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Legends, reality, local history? The Austrian photographer presents a mixture of them in his photo book. Simon Brugner (born 1983) set out to research the practice of arsenic consumption that was widespread in Styria, a region of Austria, until the middle of the last century.

Arsenic was trivialised as the “simple man's cocaine”. Though eating this substance was widespread, it was also a well-kept secret. Brugner’s approach to this taboo subject interweaves current motifs, captured by the author, with historical photographs and reports: a combination that well suits the subject matter, as it allows facts and visual associations to blend together to create an exciting story narrative.

Published last year, this photo book has received broad attention, particularly more recently. It took second place at the FOTO WIEN Photo Book Awards, has been part of group exhibitions in Graz and Krakow, and has been much talked about in feature articles. This is hardly surprising, since the book deals with an unusual and secret subject matter. The book is also a small masterpiece of design: its poisonous yellow vinyl cover is part of the concept, though that may not be apparent at first glance; no photo adorns it, but rather a text that seems to suggest perhaps a medical essay. This approach is continuous throughout the book, with picture series followed by sections dedicated to historical and scientific reports.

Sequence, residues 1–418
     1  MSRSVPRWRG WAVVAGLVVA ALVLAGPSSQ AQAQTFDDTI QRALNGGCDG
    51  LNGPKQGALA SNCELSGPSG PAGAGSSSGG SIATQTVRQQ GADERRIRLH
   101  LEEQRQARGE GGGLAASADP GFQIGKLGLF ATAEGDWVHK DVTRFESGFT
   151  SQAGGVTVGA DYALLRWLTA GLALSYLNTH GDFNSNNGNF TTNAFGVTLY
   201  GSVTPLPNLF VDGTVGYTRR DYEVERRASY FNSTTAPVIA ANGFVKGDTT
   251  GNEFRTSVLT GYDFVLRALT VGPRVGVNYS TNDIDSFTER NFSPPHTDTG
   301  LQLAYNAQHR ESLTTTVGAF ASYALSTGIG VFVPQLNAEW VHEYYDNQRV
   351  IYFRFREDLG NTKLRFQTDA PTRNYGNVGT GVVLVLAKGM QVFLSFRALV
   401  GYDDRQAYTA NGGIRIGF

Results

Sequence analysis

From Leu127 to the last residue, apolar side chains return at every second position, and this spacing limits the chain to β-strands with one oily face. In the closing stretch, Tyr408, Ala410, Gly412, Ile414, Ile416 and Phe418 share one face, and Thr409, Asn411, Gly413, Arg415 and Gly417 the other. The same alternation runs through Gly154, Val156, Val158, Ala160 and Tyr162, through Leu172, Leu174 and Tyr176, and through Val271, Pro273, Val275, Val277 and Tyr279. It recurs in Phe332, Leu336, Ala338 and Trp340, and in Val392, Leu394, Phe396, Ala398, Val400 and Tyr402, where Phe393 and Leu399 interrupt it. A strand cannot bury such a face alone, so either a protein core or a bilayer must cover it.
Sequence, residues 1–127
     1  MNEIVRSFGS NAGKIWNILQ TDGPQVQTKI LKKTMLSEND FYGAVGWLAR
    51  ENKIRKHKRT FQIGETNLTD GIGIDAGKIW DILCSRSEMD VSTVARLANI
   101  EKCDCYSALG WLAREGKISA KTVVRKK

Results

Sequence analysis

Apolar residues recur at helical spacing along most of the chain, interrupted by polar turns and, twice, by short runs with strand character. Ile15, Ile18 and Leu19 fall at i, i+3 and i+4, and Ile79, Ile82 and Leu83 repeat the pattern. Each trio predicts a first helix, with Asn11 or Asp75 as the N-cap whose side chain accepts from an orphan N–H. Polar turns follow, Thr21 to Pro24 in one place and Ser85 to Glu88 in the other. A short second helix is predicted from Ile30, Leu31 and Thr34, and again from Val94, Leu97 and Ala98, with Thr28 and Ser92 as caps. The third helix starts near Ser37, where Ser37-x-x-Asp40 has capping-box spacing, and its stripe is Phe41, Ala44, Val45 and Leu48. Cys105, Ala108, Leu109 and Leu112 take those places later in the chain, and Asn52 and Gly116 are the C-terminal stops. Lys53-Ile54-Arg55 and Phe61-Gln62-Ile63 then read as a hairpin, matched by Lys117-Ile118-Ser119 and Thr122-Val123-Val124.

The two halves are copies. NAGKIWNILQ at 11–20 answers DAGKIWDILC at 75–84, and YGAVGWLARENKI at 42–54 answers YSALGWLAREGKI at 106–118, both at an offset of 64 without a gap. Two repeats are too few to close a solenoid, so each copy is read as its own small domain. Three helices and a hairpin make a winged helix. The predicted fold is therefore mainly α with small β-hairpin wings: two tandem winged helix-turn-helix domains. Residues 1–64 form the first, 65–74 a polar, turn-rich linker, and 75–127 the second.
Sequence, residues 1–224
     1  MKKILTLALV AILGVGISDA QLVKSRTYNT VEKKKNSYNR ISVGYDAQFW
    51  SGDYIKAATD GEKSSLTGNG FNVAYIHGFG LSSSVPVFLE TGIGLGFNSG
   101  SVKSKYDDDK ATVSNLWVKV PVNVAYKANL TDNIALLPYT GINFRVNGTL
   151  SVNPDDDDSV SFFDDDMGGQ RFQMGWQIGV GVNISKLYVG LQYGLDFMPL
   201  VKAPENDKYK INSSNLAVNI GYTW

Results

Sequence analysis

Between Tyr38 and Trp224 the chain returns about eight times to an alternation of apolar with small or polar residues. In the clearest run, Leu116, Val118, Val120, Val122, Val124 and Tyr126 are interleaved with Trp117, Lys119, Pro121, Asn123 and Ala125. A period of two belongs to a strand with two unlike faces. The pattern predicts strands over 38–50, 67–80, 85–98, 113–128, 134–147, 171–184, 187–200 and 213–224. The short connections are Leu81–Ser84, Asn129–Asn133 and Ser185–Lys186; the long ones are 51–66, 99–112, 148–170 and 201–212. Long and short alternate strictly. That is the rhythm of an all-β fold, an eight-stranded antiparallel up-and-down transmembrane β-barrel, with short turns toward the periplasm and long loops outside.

In certain mountain locations in Styria, it was possible to extract the nerve poison arsenic from the mineral rock known as Arsenopyrite. In small doses, the substance was supposed to grant strength and stamina, and even foster sexual stimulation. Hard-working lumberjacks, stable lads, and farm hands all swore by the special effects of the substance; it was even administered to horses with the aim of selling them at better prices. Unfortunately, the short-lived positive effect often led to the work animal's collapse, a short while later! In human beings, the use of arsenic could lead to addiction, while an overdose could cause death.

How is it possible to present a legend, when there is little or no documentation about it, and its very existence is even in doubt? Simon Brugner seduces the viewer with his images: he shows the eerie caves, tight entries, misty mountain knolls, and also strange portraits that might be suggestive of enticement and misuse. Images of a sinewy hand or the muscles of a tough calf are no longer innocent, but become suspect.

Within this context, even historical pictures no longer appear so neutral or folkloric, but rather seem to reveal the forbidden traces of arsenic. The sequence of pictures produces wonderful shivers. The Arsenic Eaters is an exciting search for evidence, with fascinating documentation and puzzling photos. No surprise then that this book has been so very successful. Luckily, it does not make you addicted – but certainly very curious.  (Ulrich Rüter)

Simon Brugner
The Arsenic Eaters
144 pages, numerous colour and black-and-white pictures, 20.5 x 30 cm, English, The Eriskay Connection. Design: Rob van Hoesel.
Edition: 1.250

The exhibition You Are What You Eat, including Brugner's series The
Arsenic Eaters, continues to run until 16 June, during the 2019 Krakow Photomonth Festival.

Simon Brugner

Born in Hartberg, Austria in 1983, Brugner obtained a Master’s degree in Media Theory from the Vienna University of Technology. In 2014, he was accepted for the Anzenberger Masterclass, and in 2016 was awarded a scholarship by the Austrian Ministry for Education, Arts and Culture. He is interested in research-based photography projects with a strong historical background, where he might use historical materials alongside his own work. He lives and works in Vienna.

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